“Nearly all the best things that came to me in life have been unexpected, unplanned by me.” ~Carl Sandburg

I remember the moment vividly, but to this day, cannot tell you why.  In the summer of 1997, after completing my final college course, “Creative Writing,” I candidly shared with my then-boyfriend-now-husband, Craig, “You know, I would love to write a book someday.  But I have no idea what to write about.”

Without salable topics and content, the notion of ever becoming a writer seemed far-fetched.  Instead, I happily headed to my first job at Intel Corporation in Phoenix, Arizona as a business analyst, ready to put my brand new Business Administration/Computer Information Systems degree to good use.  Corporate life was stressful for this Type-A personality, though.  At my mother’s insistence, I took an “Introduction to Photography” course at the local Chandler-Gilbert Community College to give me a creative outlet.  I showed up to the first class without a camera or a clue, and left five semesters later with an improbable dream of becoming a professional photographer someday.


Paul Gill began photographing in 1975, after receiving his Bachelors of Fine Arts from Arizona State University and working as an art director for 17 years, designing and producing publications and fine art books for companies like the Scottsdale Center for the Arts.   Fifteen years ago, while exploring every nook and cranny of Arizona and building his landscape portfolio, Paul came up with what he thought would be an interesting tagline, “Wild in Arizona.”  But he had no idea how he could incorporate it with his photography.


Paul's Poster

A draft of the poster Paul wanted to create in 2008 for Arizona's national and state parks using the tagline, "Wild in Arizona."

Our paths crossed in September 2003 while on an Arizona Highways Photography Workshop “Colorado Fall Colors” with photographer Jim Steinberg.   Paul was the trip leader/assistant; I was an eager student wanting to learn how to photograph using color slides, since my early training was exclusively in black and white film.  I also made some great friends on that trip, and Paul and I kept in contact once the trip ended.  After a phenomenal learning experience with Jim and Paul, I started to sell my photography at art shows and to editorial and commercial clients.  Then in early 2007,  I left Intel to pursue photography and writing full-time.

As I was trying to get my new business off the ground, Paul was reconsidering his “Wild in Arizona” idea.  In 2008, he pondered developing posters for Arizona’s state and national parks, each of which show the tagline, “Wild in Arizona” with a photograph of the unique wildflowers for that area.  A good idea, but it succumbed to higher priority submissions and assignments.  Arizona Highways, Natures Best, Smith-Southwestern, and numerous other paying gigs took precedence.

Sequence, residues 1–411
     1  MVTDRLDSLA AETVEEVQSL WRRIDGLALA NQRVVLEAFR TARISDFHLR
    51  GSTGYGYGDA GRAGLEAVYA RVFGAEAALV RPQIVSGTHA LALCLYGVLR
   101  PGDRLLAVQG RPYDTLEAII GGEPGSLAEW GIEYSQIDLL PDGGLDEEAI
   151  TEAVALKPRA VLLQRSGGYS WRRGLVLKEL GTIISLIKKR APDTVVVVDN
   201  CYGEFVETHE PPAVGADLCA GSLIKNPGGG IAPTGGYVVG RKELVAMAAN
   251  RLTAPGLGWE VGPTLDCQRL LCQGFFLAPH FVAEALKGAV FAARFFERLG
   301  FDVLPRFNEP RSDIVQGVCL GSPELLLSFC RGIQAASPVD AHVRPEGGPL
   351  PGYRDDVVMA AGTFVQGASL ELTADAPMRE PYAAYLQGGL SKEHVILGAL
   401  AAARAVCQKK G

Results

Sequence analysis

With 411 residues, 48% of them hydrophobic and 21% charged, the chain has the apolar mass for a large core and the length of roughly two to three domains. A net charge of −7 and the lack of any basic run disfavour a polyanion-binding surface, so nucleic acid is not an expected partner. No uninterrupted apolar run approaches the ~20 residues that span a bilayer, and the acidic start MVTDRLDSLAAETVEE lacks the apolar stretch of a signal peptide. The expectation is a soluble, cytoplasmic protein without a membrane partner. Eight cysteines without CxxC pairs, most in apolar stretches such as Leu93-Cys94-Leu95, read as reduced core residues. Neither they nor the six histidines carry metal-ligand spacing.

On April 21, 2010 – in another moment I’ll never forget – Paul forwarded an email to me from a lady wishing to organize a private photography workshop to capture Arizona’s wildflowers.  After seeing Paul’s amazing wildflower photographs, she also asked, “I have googled Devils Potato Patch, Hills of Silver King and Silly Mountain to no avail.  Is their (sic) some resource book that would guide me to these locations?  Any help you could give me would help.  Thanks.”

Paul taking a break during a working session for the book at Colleen's home. Yes, that's a growler of Epicenter from San Tan Brewing, our "unofficial sponsor" who provided numerous liquid assets during our journey.

The answer to her question was, “No. There isn’t a book out there that shares this information.”

We hear these kinds of questions from people all the time.  I’m not sure what it was about this particular email, but it screamed, “OPPORTUNITY!!”

I typed a message back to Paul as fast as my little fingers would hit the keys, “Did you catch this – she’s given you an incredible opportunity!  “Write a book that guides people to the very best areas to photograph wildflowers in Phoenix or Arizona.”  Who else has done this?!”

Paul immediately responded, “Yes you can have all my images if you want to write and publish.  A book on locations and how to shoot. Love it. Should be called ‘Wild in Arizona.’  See all the opportunities opening.”

Five days later, Paul and I met at San Tan Brewing to review a proposal and outline for a book called “Wild in Arizona.”


Today, we both chuckle when we reminisce about the many past, seemingly ridiculous thoughts we never let go of for some reason:  to write a book, to become a photographer, to put a great idea to use…somehow, someway, someday.  Here we are, after 10-15 years of dreaming and 15 months of the hardest work we’ve ever done, combining our unique talents and working  together on our final edits and preparing our book, “Wild in Arizona:  Photographing Arizona’s Wildflowers, A Guide to When, Where, and How” to go to the printer in mid-September.

It was unplanned, it was unexpected, but certainly it has been one of the best things we’ve worked towards in our lives thus far.  And we can’t wait to share it with all of you soon!


2 Responses to “How This All Started: The “Wild in Arizona: Photographing Arizona’s Wildflowers” Book”

  1. An incredible journey! Can’t wait to see the final product.

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